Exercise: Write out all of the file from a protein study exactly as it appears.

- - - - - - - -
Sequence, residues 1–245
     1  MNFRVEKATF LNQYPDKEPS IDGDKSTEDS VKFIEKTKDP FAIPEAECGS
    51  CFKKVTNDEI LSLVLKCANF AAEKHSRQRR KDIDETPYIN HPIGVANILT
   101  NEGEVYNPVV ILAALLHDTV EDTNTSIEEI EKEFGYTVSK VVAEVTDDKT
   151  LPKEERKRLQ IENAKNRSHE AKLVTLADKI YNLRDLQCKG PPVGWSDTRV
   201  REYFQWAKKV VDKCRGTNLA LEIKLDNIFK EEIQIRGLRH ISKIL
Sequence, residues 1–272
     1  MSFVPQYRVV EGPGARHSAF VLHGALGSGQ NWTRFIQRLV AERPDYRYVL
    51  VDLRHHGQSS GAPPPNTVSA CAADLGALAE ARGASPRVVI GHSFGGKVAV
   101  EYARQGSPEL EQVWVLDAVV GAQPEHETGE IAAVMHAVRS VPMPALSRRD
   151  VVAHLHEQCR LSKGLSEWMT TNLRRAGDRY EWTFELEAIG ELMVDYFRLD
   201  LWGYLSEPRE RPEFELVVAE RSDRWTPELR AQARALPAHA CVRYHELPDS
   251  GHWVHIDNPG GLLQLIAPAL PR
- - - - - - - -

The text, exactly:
Sequence, residues 1–245
     1  MNFRVEKATF LNQYPDKEPS IDGDKSTEDS VKFIEKTKDP FAIPEAECGS
    51  CFKKVTNDEI LSLVLKCANF AAEKHSRQRR KDIDETPYIN HPIGVANILT
   101  NEGEVYNPVV ILAALLHDTV EDTNTSIEEI EKEFGYTVSK VVAEVTDDKT
   151  LPKEERKRLQ IENAKNRSHE AKLVTLADKI YNLRDLQCKG PPVGWSDTRV
   201  REYFQWAKKV VDKCRGTNLA LEIKLDNIFK EEIQIRGLRH ISKIL
Sequence, residues 1–272
     1  MSFVPQYRVV EGPGARHSAF VLHGALGSGQ NWTRFIQRLV AERPDYRYVL
    51  VDLRHHGQSS GAPPPNTVSA CAADLGALAE ARGASPRVVI GHSFGGKVAV
   101  EYARQGSPEL EQVWVLDAVV GAQPEHETGE IAAVMHAVRS VPMPALSRRD
   151  VVAHLHEQCR LSKGLSEWMT TNLRRAGDRY EWTFELEAIG ELMVDYFRLD
   201  LWGYLSEPRE RPEFELVVAE RSDRWTPELR AQARALPAHA CVRYHELPDS
   251  GHWVHIDNPG GLLQLIAPAL PR